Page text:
The book was written by Leo Babuta, the same person who writes the Zen Habits blog. The book is intended as an alternative for Getting things done from David Allen, and indeed also takes many ideas from this and other systems. I have also read that book, but found it a bit overwhelming to implement although it has some great concepts in it. Zen to done seems to understand my problems with GTD and give helpful ideas on how to fix them.

Ahhh, the dreaded inbox…..

My biggest problem in staying and being organized is the multitude of information that is thrown at me throughout the day. Emails (work & home), voice mails (work & home), meetings, chats with the boss, employees with favors, notes to remember the milk on the way home, etc, etc, etc.

How am I supposed to handle all of this information coming at me? What is the simple solution so that I am always prepared to “file” the note wherever the note needs to go or process the action at the correct day and time?

Well, I guess I'd say that this is what is in my INBOX. Not just the inbox in your email application, but LIFE’S INBOX. Some people have an actual tray on their desk where they write a note on an index card and throw it in the box to be processed at some designated time. Others have a section in their planner called the inbox where all notes are taken and then sorted later (see a great article on inboxes by our very own Doug Johnston). Another inbox idea I've used is that neat little accordion folder at the back of Moleskines.

For me, my inbox is all over the place – which is problem #1. The refrigerator, the kitchen counter by the back door, my wallet, my purse, the tray on my desk and a notepad I scribble on at work.

A simple solution to all of this influx of “things to do”? Well, I refer you back to our fearless leader: “The trick is in dancing the capture and empty two-step.” – Doug Johnston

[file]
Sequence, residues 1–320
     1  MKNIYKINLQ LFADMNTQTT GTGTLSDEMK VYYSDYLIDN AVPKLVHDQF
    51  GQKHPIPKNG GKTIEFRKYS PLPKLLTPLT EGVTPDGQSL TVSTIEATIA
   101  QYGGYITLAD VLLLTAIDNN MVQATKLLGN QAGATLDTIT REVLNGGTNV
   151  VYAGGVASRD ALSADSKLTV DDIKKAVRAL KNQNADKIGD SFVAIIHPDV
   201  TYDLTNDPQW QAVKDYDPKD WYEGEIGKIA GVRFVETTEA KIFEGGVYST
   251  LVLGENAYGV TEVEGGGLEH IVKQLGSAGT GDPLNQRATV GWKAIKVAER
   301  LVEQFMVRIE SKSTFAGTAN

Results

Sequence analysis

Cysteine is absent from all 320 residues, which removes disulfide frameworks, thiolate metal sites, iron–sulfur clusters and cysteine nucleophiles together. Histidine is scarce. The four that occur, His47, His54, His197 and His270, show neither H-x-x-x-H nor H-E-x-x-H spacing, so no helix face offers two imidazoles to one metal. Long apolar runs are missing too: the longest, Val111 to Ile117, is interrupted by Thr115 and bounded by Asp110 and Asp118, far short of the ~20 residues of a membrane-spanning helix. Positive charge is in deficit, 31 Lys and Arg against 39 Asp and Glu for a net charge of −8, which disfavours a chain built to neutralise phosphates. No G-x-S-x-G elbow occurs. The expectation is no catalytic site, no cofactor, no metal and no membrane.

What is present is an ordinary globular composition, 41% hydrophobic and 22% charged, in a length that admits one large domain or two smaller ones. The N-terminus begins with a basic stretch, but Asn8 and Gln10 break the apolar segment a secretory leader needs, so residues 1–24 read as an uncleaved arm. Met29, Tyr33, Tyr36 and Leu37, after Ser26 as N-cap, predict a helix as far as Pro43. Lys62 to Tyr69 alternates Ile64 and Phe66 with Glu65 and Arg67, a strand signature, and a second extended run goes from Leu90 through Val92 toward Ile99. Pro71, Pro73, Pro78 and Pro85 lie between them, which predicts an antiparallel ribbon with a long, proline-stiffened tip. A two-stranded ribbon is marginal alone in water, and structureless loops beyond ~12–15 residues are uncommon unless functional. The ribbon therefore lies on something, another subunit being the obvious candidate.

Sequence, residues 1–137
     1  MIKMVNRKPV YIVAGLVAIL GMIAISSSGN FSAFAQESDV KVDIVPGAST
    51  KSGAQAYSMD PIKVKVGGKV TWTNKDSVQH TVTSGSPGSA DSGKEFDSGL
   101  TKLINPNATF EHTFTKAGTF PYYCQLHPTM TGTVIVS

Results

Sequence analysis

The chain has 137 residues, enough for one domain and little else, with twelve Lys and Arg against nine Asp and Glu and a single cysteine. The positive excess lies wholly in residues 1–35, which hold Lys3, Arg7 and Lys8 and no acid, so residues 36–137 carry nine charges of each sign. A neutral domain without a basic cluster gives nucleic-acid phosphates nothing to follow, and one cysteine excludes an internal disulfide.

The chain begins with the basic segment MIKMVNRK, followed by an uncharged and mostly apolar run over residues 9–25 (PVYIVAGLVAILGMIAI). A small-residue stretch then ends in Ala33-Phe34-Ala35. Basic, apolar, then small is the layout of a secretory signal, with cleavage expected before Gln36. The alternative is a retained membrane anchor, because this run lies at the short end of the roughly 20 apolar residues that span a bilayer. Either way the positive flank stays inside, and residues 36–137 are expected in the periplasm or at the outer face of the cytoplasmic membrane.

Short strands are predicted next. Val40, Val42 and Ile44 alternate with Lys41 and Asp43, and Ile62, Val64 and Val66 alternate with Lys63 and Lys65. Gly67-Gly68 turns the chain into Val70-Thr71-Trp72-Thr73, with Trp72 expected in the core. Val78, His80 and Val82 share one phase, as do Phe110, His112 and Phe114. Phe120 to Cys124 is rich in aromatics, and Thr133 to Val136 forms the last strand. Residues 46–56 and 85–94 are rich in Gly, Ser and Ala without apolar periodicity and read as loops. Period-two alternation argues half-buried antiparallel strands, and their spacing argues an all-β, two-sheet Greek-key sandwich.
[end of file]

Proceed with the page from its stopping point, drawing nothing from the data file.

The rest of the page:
Once you capture the information, however you decide to do that, you need to then empty that information into your planning system. Maybe you decide the last 15 minutes of the workday you will spend going through your inbox and calendar and plan out the evening and the next work day. This is Problem #2 for me. I might capture the info, but I forget where I put it, so how am I supposed to empty it?

So, the reason for this post? I need input. How do you all handle all the information in your life? Do you use an inbox? What is it like? Do you have one at home and one at work? Do you carry a hipster to gather info? What do you carry while walking around the office or running errands? When do you empty your inbox?

Share your inbox set up with us. Let’s keep trying to make it SIMPLE!

Smiles,
nay nay

2009 Calendar on multiple sheets [ january- december]

Made with the Franklin-Covey planner in mind, not sure if it will work with other systems but it's worth a shot. Please email any suggestions. Thanks.

Thumbnail: 
Blank Calendar.jpg
Usage advice: 

Print, fold in half, hole punch, and enjoy.

Paper size: 
Letter
License: 
Creative Commons
Applications required: 
Adobe
Language: 
English

2008 Calendar on multiple sheets [ july - december]

Made with the Frankly-Covey planner in mind, not sure if it will work on others, but its worth a shot. Feel free to email any suggestions. Thanks.

Thumbnail: 
Blank Calendar.jpg
Usage advice: 

Print, fold in half, hole punch, and enjoy.

Paper size: 
Letter
License: 
Public Domain
Applications required: 
Adobe
Language: 
English